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Are Miniature Horses a Real Thing?

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This author has learned that the answer to that question is “yes” (and, upon a quick Google search, they look to be adorable).  How is that remotely relevant to a real estate law firm’s blog?  Well, many Florida condominium and homeowner associations have rules that prevent or restrict an owner from keeping pets – no matter how adorable they may be.  However, animals are crucial tools used by some individuals with disabilities, such as seeing-eye dogs to assist the blind, or assistance dogs for seizure-prone individuals.  And therein lies a conflict between an association’s rights to governance and persons with legitimate health and welfare needs.

How to resolve the conflict?  Well as always, the government is here to help.  Federal law and Florida law require associations to make “reasonable accommodations” to persons with disabilities, and that includes the relaxing of restrictions or rules that prohibit the keeping of animals.  The law has developed so that an association is expected to allow a disabled person to keep a “service animal” or “emotional support animal” as a reasonable accommodation to the disabled person.  Service animals are defined by the Americans with Disabilities act as dogs that are specially trained to do work or to perform tasks for people with disabilities.  The tasks that are performed by the dog must be directly related to the person’s disability.  Emotional Support Animals are a much broader category – they can be any animal that a medical professional has determined provides some benefit to a person with a disability.  That includes dogs, cats, birds, turtles, and – you guessed it – miniature horses.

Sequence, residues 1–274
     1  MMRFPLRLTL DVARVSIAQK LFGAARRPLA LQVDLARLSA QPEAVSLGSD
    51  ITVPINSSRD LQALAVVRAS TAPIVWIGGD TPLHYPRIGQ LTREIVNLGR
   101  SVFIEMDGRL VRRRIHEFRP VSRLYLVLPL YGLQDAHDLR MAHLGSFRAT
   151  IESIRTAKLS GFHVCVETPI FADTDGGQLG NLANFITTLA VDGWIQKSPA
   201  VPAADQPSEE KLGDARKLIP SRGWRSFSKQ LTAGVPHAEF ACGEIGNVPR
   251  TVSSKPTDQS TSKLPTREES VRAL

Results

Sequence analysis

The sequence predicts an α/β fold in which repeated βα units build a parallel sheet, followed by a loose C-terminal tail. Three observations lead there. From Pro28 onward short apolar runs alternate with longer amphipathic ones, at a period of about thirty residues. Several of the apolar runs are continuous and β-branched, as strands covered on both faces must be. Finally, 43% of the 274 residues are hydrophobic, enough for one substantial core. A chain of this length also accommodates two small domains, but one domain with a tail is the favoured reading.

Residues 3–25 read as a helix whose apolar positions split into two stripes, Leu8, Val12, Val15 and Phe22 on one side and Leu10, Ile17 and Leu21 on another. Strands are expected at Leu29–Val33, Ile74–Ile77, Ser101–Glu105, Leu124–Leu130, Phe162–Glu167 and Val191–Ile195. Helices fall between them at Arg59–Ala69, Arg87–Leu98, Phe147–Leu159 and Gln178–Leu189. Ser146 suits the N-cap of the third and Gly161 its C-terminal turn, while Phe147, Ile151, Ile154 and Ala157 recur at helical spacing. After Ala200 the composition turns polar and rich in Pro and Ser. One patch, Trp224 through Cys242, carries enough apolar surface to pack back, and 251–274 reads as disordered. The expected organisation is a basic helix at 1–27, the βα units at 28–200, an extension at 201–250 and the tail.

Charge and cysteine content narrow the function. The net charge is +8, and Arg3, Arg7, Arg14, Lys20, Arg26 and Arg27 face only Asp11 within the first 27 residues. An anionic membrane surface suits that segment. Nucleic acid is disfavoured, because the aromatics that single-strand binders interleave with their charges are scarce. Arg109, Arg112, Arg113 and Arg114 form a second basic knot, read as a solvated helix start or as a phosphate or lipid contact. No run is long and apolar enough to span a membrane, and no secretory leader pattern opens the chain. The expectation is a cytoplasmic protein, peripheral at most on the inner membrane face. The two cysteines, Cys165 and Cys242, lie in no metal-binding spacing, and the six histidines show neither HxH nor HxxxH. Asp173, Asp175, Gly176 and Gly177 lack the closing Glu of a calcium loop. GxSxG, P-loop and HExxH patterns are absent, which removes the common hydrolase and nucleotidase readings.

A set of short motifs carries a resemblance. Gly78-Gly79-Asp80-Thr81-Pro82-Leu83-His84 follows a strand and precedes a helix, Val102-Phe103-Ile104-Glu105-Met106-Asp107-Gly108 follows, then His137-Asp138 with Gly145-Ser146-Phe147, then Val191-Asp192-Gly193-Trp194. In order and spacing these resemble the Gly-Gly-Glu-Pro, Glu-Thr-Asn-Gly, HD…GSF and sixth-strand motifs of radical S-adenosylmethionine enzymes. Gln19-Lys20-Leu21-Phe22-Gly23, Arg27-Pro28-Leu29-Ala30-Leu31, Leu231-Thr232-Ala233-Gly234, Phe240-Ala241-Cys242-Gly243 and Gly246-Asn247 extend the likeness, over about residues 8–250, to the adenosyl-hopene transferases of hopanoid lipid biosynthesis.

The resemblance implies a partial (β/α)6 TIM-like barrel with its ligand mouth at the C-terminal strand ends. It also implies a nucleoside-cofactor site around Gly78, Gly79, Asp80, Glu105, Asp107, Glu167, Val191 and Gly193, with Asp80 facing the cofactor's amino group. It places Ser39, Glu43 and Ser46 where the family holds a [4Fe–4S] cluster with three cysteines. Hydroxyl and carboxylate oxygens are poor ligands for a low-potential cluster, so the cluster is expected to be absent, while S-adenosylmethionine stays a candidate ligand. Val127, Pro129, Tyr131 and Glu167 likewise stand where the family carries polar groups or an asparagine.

Our association clients have reported that there is an uptick in persons making requests for exceptions to their pet policies, and citing to the need for emotional support animals.  Some have even pointed out that there are services which will provide an online diagnosis of a disability, and a letter prescribing a support animal to aid with that disability (without actually meeting with the individual).  They have further asked whether they are required to take a person’s word for it that they have a need for an emotional support animal.  The answer is that the association is allowed to make a limited and reasonable inquiry into a person’s need for an accommodation.  Only certain information may be requested, and placing undue demands on a person requesting an accommodation can land an association in hot water (read: lawsuit).  For that reason, we always recommend that associations consult with an experienced attorney when they are presented with a request for accommodation, or an exception to their pet policy.

In conclusion: associations are increasingly being saddled with requests that they make exceptions to their pet policies.  While there are surely legitimate reasons to make such exceptions, it seems that some individuals are horsing around, and there is abuse of the process as well.  Until the court system has taken the reins to address cases of abuse, there is significant risk and uncertainty for association clients, and they should address requests for accommodations carefully.


Berlin Patten Ebling, PLLC

Article Authored by Dan Guarnieri, Esq.

This communication is not intended to establish an attorney client relationship, and to the extent anything contained herein could be construed as legal advice or guidance, you are strongly encouraged to consult with your own attorney before relying upon any information contained herein.

All rights reserved. This copyrighted material may not be re-published without permission. Links are encouraged. 


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